The Rise Of Plant-Based Products And Why It's Time You Jumped On The Bandwagon

Goodman Fielder Food Service
The Rise Of Plant-Based Products And Why It's Time You Jumped On The Bandwagon

The Rise Of Plant-Based Products And Why It's Time You Jumped On The Bandwagon

Posted on 10th December 2019
The demand for plant-based products has risen within the Australian food service market over the las 12 months. So, how up to date is your menu offering?


You’d be living under a rock if you haven’t heard the term plant-based. But what exactly is it and why are your customers going crazy over it?

Plant-based diets are built around whole grains, legumes, vegetables and fruits. In basic terms, plant-based refers to the products that don’t contain any animal products – so, no dairy in milk, no animal meat in sausages and steaks, and so on.

Looking back 18 years, plant-based wasn’t on the radar for Australians. In fact, an average of three searches a month were made on Google. Fast forward to 2019 and plant-based has become a way of life.

According to Google Trends, the plant-based term is at its peak popularity, with over 700 searches a month being performed by Australians. But the rise in interest to plant-based shouldn’t come as a surprise, with now 2.5 million Australians (12.1% of the population) following a plant based diet – up 14.2% (2.2 million) from 2014, according to Roy Morgan.

The rising growth of the plant-based market in Australia:

Image is of a bowl of vegetables

Along with the rise in individuals following plant-based diets, so too is the amount spent on these diet-specified products. By 2030, Australians are expected to spend between $1.4 billion and $4.6 billion a year on plant-based meat, according to Deloitte. So, with a figure as big a that, it’s no wonder why businesses are beginning to jump on board the trend.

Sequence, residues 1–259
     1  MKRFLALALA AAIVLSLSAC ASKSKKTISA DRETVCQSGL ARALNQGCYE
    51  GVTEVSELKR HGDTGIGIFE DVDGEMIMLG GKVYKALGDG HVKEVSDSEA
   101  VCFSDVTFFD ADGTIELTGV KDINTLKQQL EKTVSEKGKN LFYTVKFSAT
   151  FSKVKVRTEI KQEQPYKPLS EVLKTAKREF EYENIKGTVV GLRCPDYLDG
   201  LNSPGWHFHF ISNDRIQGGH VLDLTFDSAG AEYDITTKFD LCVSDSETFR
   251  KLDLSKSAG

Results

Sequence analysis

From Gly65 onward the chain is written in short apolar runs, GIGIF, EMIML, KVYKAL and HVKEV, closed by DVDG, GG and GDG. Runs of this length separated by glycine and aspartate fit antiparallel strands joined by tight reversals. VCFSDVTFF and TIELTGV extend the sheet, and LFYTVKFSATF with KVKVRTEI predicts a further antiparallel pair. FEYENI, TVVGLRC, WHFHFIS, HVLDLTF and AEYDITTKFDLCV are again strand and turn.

Now with the use of technology, businesses have been able to create plant-based products that look, feel and taste like the real thing. From steaks, mince, sausages, chicken, bacon, milk and cheese – everything and anything that contains animal traces has now been transformed to plant-based.

“We’re facing a multi-billion-dollar opportunity for Australia to become a global plant-protein powerhouse,” Food Frontier CEO, Thomas King told Business Insider. “It comes off the back of a wave of new plant-based meat products, enabled by advances in food science and culinary creativity, that aim to mimic the sensory experience of eating conventional meat with fewer environmental impacts.”

Lab grown meats are also beginning to be experimented with overseas. While this form of plant-based food is only in its early stages, lab grown plant-based goods are expected to see the fastest growth over the next seven years, with the first commercial product projected to be launched by 2021.

So, what is driving the plant-based movement?

Image of a chef using vegetables

The growing popularity of plant-based diets has been driven by an increase in social consciousness around animal welfare, the environment and human health considerations. “[In Australia], there’s a bit of resistance [towards plant-based] but there is a changing of the guard in terms of millennials and younger people coming into [hospitality] and that is driving it as well,” Sydney-based chef David Lee told Goodman Fielder Food Service.

“The younger people are really interested in environmental issues, animal welfare issues and [they’re] coming into restaurants and into kitchens driving this change, which I think is great,” the renowned Plant Based Chef continued. “It’s a real social media presence [world], which we haven’t had before.”